Tulsi Gabbard

Tulsi’s running.

For the 2020 Presidential Race, we are planning to profile the environmental political positions of each US candidate. We do not plan on providing any type of endorsements because we want our readers to be informed, but ultimately make decisions that best serve them. Our analysis will include a summary of (1) who they are, (2) what environmental issues they have voted for, (3) any sponsored legislation, and (4) any notable environmental endorsements. The length of each article on a given candidate will be correlated to the available content in each person’s background.

Who is Tulsi Gabbard?

From Bernie Sander’s supporters to Justice Democrats, Representative Tulsi Gabbard (HI-02) is a rising star among Progressives and, generally, well-liked in Hawaii. As a state legislator, a combat veteran, and an environmental non-profit founder, she has done a lot in just 37 years. She announced her candidacy on 11 January 2019 and, subsequently, was featured on the Van Jones Show.

Although she is in a different tier than Elizabeth Warren or Kamala Harris when it comes to being a house-hold name, her vibrant persona could sway the younger base of the Democratic party to vote for her. It is our assumption, Gabbard will be influenced by Senator Bernie Sanders (I-VT) or receive some type of endorsement from his camp, given her decision to resign as Vice Chair of the Democrat National Committee in the 2016 election cycle. This high-profile exodus raised her profile to greater national prominence

Voting Record On The Environment

From 2013 to 2017, Rep. Gabbard (HI-02) has voted in favor of pro-environmental policies 165 times in her last three terms. The data is provided from the League Of Conservation Voters and is only recent until 2017. Further, in only 6 instances did Representative Tulsi Gabbard vote against any type of bill when she was serving in the House. The following legislation pieces were voted as “Nay” votes by Rep. Gabbard in 2017: (1) Attacking Wilderness in the Izembek National Wildlife Refuge, (2) Undermining Flood Insurance Reform, and (3) Flood Insurance Reform. We encourage our readers to read the text of the legislation and not merely the titles.

Environmental Legislation Sponsored by Tulsi Gabbard

On her campaign website, her team listed both H.R. 4811 (114th) and H.Res. 540 (114th) as her two greatest accomplishments in the environmental field. Rep. Gabbard was either a sponsor or a co-sponsor of the legislation. For reference, H.R. 4811 is now referred as the “Coral Reef Sustainability Through Innovation Act of 2016” and is an amendment to the Coral Reef Conservation Act of 2000. Essentially, the amendment allows for awards to be given out to stimulate innovation and references the Stevenson-Wydler Technology Innovation Act of 1980 on various methodology to best protect the coral reefs.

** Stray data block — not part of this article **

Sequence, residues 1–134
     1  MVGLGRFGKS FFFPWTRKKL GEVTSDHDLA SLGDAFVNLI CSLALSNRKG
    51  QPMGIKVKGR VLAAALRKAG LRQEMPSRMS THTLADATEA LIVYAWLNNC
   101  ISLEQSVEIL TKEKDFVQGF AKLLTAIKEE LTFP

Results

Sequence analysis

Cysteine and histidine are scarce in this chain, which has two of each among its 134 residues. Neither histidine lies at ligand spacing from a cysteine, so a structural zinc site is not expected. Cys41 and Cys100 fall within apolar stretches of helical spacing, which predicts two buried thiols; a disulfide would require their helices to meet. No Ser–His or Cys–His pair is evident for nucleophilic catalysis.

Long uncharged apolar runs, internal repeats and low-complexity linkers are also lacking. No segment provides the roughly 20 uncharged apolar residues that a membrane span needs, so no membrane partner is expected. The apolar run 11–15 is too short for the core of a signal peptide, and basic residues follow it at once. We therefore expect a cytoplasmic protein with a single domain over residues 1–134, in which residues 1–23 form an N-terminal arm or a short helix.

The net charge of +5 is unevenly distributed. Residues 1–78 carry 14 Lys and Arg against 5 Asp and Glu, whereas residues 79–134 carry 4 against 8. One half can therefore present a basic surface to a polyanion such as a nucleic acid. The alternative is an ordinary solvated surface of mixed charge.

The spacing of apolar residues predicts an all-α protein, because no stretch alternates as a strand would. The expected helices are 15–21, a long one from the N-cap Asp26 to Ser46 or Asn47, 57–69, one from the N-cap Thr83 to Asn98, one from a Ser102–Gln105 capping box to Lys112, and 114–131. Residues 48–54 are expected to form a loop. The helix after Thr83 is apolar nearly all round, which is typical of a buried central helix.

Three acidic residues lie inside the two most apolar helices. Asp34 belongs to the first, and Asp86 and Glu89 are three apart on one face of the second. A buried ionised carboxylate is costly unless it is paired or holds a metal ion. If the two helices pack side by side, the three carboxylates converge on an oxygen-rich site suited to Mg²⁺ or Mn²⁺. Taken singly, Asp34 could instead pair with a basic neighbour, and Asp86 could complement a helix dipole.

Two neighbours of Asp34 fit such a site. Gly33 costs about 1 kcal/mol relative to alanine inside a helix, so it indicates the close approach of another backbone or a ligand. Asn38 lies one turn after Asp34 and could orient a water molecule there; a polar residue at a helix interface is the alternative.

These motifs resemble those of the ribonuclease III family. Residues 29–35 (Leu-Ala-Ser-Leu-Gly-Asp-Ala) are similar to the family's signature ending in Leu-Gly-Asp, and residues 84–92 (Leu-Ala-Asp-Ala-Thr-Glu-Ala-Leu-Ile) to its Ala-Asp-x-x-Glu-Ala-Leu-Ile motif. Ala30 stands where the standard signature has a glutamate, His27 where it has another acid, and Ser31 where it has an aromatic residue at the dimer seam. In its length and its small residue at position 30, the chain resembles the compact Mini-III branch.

As a Representative from Hawaii, the legislation she sponsored coincides with the tourism industry. Tourism is the largest attraction in the Hawaii economy and this bill would be closer to an incremental change that is built off of previous house resolutions. This does not mean that this action is inconsistent with Progressive ideology (a political thought that generally favors broad-sweeping legislation like the New Deal under FDR), but not necessarily monumental change.

Who Has Endorsed Representative Tulsi Gabbard?

The three greatest endorsements that Rep. Gabbard (HI-02) has received are from the following organizations: the (1) Sierra Club, the (2) League of Conservation Voters, and the (3) Ocean Champions.

We hoped you liked our informational analysis of Rep. Gabbard. As the campaign progresses, please check back often to learn more about Rep. Gabbard and other candidates!

Market Failures

The market is not perfectly efficient.

No matter how much one may argue, the greatest social welfare cannot come from perfectly de-regulated industries. The role of the government has a greater need to create ‘fair markets’, rather than ‘free markets’. Similarly, this is why the U.S. Government has a Consumer Financial Protection Board, the Environmental Protection Agency, and various other entities. These government entities are trying to help level the proverbial playing field by creating rules that allow for markets that have an easier access to information, have time-consistent preferences for consumers, and minimize principal-agent impact.

A market failure occurs when the market does not allocate scarce resources to generate the greatest social welfare. A wedge exists between what a private person does given market prices and what society might want him or her to do to protect the environment. Such a wedge implies wastefulness or economic inefficiency; resources can be reallocated to make at least one person better off without making anyone else worse off.

Environmental Economics by Hanley, Shogren, and White (2007)

According to the definition used by Hanley, Shogren, and White, there are hundreds of thousands of economic inefficiencies that occur in the market place. Some examples of market failures can range from externalities to public goods like the ocean or atmosphere. However, this doesn’t mean that the US Government can subsidize and tax the consumer or firms to create perfectly efficient markets — the market is much more complicated than that.

If you liked this article, expect to see more updated weekly on Counter Current. We plan to write short articles for readers to stay informed, but not to take up too much of your time! Check in regularly for fresh content!